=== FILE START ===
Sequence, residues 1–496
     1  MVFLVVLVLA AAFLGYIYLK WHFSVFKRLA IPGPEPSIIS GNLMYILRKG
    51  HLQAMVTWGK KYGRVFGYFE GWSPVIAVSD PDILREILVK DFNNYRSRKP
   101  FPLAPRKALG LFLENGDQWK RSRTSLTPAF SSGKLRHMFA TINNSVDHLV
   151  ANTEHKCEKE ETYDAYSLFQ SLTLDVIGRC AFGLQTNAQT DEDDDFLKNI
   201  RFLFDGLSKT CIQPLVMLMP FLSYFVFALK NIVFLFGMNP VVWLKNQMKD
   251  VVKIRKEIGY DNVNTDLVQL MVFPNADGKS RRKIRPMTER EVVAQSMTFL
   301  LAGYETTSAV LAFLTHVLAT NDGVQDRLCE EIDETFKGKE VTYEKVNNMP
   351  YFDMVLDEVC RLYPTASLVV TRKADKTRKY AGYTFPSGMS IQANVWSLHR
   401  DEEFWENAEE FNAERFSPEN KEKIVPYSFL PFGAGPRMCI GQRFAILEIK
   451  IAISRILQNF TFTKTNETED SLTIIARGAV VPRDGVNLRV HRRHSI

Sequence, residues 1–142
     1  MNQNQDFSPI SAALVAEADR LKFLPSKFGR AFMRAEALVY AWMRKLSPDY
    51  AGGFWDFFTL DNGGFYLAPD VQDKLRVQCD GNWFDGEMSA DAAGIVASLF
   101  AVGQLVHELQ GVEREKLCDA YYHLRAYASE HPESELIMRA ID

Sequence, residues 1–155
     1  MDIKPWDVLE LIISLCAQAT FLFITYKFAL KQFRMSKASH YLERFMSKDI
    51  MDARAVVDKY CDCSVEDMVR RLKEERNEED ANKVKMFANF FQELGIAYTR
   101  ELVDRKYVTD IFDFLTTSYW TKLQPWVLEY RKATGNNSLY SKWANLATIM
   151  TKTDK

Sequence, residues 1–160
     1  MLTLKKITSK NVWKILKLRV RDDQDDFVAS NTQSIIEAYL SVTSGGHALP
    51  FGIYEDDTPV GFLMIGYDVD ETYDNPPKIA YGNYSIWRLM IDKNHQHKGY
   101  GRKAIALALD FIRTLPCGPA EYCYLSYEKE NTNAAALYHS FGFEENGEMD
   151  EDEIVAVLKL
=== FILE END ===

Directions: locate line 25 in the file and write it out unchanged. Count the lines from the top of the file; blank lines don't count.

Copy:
   151  EDEIVAVLKL